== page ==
All the best principles of learning seem evident as one observes these South Bronx students, grappling to think and construct knowledge in this programming language called Python. The quality of collaboration is evident as students engage in whole class discussions or work with their table partners to follow the values of variables as they track a program’s flow. As students trace the steps of a program, they begin to understand how values are changing in the computer’s memory by drawing a memory table and a console window in their notebook! The development of persistence is clear as students meet our demands to create and trace a program’s flow and they find and develop more descriptive language as they discuss their understanding of what is happening. Not only are we proud, but the students are genuinely excited to have successfully produced memory tables and are able to reflect on the computations that are occurring as their Python program executes the functions they have created in code. Because these type of activities are iterative they reinforce foundational concepts, a growing sense of competence, and the motivation to do more. The students respond positively and love to compare their drawn tables to the problem’s solution. Students master many processes - launching Trinket in their web browser, writing code to ensure the print function works, and learning to interact with the Console window after using the input function. Students use materials from the CS Circles website and are quickly learning how to debug and read error messages. The smiles that accompany successful execution of a Python program are priceless.
Prior to studying Python all of our 6th grade students began to develop their Computational Thinking skills using the Creative Curriculum using Scratch developed by Karen Brennan, Christan Balch, and Michelle Chung at the Harvard Graduate School of Education. In our efforts to help students become practicing computational thinkers, students applied computational concepts learned across various projects that included creating a Scratch Game with at least two playing levels, recreating a story they read in Literature class as a sequence of Scratch animations, and building a digital portfolio of Scratch work completed accompanied by an analysis of how sequence, events, and blocks were used in the creation of their work. Scaffolding activities include unplugged and pre-Python instruction proved essential to developing our students’ creativity, reflective practices, communication, problem-solving, and debugging skills!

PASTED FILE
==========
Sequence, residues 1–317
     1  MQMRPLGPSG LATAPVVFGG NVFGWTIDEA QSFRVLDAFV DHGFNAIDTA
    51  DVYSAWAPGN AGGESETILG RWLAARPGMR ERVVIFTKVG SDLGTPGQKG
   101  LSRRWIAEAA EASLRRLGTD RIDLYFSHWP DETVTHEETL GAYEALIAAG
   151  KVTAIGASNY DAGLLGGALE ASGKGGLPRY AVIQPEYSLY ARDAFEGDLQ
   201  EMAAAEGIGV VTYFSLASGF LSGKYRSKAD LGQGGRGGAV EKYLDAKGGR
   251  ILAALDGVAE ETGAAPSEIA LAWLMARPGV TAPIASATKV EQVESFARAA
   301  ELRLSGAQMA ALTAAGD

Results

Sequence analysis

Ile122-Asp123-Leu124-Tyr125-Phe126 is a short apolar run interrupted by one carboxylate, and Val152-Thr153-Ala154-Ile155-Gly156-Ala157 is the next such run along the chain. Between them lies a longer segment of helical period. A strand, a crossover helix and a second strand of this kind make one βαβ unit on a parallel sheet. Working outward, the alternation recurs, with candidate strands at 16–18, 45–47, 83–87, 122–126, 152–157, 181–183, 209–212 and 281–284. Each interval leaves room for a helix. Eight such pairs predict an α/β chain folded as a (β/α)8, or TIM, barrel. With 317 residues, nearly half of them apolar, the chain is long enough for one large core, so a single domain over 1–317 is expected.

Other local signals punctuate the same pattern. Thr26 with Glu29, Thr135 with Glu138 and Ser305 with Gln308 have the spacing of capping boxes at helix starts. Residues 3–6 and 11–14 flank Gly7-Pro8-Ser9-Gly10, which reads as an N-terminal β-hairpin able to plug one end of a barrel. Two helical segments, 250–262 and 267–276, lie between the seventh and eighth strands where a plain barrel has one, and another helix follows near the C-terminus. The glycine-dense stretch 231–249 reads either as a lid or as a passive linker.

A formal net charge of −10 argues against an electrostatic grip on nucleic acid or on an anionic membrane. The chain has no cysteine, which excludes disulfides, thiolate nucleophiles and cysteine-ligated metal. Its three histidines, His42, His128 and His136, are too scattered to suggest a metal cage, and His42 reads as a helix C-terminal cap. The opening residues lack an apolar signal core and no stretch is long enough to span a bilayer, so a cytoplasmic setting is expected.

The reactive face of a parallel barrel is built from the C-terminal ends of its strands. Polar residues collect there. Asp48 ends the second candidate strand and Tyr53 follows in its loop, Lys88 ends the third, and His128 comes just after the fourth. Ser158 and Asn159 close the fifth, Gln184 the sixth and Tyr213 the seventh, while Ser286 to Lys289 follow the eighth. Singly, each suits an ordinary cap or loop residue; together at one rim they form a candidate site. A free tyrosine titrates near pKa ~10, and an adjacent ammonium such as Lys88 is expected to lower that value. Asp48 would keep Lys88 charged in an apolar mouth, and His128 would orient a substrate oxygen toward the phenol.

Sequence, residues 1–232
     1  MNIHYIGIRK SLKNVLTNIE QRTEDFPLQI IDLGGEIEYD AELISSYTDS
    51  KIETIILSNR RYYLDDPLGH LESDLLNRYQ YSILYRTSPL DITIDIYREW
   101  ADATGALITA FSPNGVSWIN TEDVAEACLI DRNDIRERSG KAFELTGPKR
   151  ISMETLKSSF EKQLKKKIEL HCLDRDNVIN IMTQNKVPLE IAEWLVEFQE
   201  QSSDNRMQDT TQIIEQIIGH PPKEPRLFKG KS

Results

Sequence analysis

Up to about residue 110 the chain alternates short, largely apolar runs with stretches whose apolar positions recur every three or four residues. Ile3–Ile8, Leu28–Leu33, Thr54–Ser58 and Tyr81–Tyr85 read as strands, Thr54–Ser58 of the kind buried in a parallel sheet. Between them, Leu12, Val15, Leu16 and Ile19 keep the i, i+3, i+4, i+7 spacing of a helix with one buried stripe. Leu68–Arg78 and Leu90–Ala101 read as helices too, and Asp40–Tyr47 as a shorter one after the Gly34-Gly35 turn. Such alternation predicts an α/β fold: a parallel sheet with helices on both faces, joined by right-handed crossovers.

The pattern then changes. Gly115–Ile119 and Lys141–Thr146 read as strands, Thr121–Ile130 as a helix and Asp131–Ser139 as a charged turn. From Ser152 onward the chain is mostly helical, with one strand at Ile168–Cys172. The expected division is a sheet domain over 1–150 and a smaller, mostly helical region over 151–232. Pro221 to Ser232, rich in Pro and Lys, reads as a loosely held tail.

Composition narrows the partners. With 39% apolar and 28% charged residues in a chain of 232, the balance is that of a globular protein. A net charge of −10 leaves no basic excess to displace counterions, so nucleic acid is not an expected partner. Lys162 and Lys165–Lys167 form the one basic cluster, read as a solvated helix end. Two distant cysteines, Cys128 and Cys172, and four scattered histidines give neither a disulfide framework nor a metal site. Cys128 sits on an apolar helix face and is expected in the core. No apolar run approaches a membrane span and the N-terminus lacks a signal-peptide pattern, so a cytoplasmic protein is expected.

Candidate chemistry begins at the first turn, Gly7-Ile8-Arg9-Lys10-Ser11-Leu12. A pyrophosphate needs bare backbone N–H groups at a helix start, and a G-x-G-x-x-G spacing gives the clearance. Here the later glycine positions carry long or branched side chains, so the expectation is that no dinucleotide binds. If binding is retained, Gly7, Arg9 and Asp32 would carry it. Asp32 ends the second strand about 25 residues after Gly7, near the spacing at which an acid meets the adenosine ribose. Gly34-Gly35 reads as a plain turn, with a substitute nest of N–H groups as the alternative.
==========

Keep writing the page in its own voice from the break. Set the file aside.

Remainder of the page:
As a team of teachers and 220 students exploring data through the lens of a data scientist, we look forward to sharing our Part 2 post next month when student voices reflected in examples of their work will take the the spotlight.
Kelly J. Powers is the Director of CS & Technology Initiatives at South Bronx Early College Academy in the Bronx.Read more.